Depave Paradise rips up Ontario pavement

Depave Paradise rips up Ontario pavement

Photo: a 2014 depaving project by Ecology Ottawa at Kitchissippi United Church turned a paved courtyard into a thriving pollinator garden

Depave Paradise is an exciting project in which volunteers tear up areas of unused pavement by hand and replace them with green space. Since we last wrote about Depave Paradise in 2017, there have been 14 new projects – we are now up to 34 depaved sites in 18 cities across Canada.

Watch a short video to learn more.

Thanks to support from the Ontario Trillium Foundation, Green Communities Canada members and partners in Ontario will be depaving and planting 33 more sites over the next two years (36 total from 2018-2020). There are plans for depaving projects in Kingston, Peterborough, Hamilton, Aurora, Mississauga, Thunder Bay and Ottawa, among other Ontario cities.  Do you know of a group that would like to begin depaving? Get in touch and see what we have to offer!

Explore our new story maps (part of our new, redesigned website) to learn about projects that have been completed so far.

The concept of Depave Paradise is simple: we empower citizens to transform ugly areas of pavement into beautiful green spaces, using their own power. The depaving and planting events are fun community activities that bring together volunteers to accomplish a challenge. They also attract media attention, and provide a platform to discuss the problems with over-paving and stormwater runoff to a wide audience. Once the depaving and plantings are over, the result is a long term positive impact on the community, and on local waterbodies.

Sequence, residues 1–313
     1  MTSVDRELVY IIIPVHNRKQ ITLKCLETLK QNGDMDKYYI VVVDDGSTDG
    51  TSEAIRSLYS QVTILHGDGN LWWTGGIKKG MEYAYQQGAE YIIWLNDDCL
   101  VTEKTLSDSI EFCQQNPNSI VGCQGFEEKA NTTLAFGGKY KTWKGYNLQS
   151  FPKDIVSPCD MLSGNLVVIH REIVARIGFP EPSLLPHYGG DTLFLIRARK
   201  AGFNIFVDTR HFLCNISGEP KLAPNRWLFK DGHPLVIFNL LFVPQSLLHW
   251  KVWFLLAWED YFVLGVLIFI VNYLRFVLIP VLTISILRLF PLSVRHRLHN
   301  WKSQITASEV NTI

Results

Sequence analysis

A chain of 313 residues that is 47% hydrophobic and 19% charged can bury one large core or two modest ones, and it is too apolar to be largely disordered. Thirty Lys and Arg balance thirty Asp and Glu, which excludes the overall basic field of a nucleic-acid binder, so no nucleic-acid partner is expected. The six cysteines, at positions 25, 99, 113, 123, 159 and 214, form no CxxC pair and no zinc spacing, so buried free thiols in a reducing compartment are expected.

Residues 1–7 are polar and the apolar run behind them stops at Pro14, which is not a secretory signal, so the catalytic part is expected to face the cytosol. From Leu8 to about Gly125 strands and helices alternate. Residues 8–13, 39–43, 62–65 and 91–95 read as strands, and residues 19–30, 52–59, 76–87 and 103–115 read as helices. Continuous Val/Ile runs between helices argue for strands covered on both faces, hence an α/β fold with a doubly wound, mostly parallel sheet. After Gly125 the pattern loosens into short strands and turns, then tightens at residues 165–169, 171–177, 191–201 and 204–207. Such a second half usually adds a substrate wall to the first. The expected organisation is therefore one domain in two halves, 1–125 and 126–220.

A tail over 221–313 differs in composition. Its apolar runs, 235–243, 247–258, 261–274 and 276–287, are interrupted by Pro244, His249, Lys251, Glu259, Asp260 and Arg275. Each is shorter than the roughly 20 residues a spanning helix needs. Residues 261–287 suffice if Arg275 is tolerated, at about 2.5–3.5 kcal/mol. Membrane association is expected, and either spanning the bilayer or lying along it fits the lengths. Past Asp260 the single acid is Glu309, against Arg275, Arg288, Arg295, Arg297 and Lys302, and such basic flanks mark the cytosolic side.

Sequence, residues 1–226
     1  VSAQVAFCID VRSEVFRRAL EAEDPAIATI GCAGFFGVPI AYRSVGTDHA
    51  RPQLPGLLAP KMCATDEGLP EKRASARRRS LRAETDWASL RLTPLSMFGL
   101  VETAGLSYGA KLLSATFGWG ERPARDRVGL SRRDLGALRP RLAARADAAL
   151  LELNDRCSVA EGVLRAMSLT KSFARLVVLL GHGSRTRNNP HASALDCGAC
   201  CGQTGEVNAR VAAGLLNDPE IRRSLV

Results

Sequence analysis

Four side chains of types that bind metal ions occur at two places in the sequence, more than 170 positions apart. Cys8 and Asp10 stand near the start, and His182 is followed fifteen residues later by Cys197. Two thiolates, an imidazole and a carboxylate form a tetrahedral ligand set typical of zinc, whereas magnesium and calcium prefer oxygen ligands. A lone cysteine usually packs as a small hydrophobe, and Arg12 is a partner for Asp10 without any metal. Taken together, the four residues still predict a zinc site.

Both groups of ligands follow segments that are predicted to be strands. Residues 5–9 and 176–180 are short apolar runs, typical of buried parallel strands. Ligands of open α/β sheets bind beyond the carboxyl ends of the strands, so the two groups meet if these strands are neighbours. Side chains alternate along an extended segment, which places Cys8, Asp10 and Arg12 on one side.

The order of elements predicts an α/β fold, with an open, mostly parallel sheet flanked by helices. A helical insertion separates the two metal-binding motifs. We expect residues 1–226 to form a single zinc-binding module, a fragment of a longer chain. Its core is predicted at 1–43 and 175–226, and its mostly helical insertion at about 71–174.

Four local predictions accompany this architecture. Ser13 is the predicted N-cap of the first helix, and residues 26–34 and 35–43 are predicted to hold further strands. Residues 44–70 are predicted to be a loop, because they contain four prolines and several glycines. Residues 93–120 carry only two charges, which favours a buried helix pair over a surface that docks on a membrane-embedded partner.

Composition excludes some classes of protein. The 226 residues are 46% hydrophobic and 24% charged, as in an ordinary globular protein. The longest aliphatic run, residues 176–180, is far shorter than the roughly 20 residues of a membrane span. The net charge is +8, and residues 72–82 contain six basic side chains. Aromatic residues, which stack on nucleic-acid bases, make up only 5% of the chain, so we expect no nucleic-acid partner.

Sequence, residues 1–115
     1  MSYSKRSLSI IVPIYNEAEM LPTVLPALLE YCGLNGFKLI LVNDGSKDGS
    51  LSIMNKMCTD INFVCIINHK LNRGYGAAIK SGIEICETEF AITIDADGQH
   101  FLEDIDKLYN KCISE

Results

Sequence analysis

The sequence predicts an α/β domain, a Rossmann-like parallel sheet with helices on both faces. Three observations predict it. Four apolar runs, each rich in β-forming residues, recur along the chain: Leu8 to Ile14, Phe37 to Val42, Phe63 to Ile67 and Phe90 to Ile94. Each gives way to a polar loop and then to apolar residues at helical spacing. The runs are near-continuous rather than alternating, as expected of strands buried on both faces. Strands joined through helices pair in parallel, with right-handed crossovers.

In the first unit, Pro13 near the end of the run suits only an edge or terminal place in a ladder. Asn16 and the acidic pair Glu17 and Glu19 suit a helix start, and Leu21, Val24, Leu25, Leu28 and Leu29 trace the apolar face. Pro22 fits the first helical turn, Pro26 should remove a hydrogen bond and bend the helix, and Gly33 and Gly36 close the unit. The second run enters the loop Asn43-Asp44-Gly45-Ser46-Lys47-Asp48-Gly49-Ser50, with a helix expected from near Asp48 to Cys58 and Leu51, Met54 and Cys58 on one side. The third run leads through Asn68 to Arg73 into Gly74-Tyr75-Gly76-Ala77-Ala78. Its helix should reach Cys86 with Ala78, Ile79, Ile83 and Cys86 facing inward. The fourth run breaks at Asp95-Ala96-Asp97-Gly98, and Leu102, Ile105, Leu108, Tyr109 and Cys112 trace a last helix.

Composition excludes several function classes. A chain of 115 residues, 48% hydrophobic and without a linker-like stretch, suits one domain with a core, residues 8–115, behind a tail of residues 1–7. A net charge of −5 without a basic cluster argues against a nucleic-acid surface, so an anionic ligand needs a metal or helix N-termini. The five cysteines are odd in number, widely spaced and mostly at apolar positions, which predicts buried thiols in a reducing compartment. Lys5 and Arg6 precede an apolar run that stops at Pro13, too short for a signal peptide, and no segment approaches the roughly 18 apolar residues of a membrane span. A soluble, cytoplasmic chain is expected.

Our projects are generally small – in order to be appropriate for hand depaving, most sites are no more than a couple hundred meters squared. But the impacts add up. In Hamilton, Ontario, Green Venture has been hosting Depave Paradise events since 2012. They have now depaved at eight different sites within the city, including six schools, in some cases creating the only green space on school properties.

In total, our 34 Depave Paradise projects keep nearly 6000 cubic meters of stormwater out of waterbodies annually. They’re also inspiring people to take on their own depaving projects at home. Depaving of driveways has been a topic of interest in several communities – getting rid of them altogether, or replacing them with permeable alternatives.

In the eyes of a depaver, unused pavement is no longer a permanent eyesore, but an opportunity for beautification. Over time, we hope to see communities adopting broader strategies for reducing impervious surface and managing rain where it falls with green infrastructure. In the meantime, we keep chipping away at the asphalt – every bit makes a difference!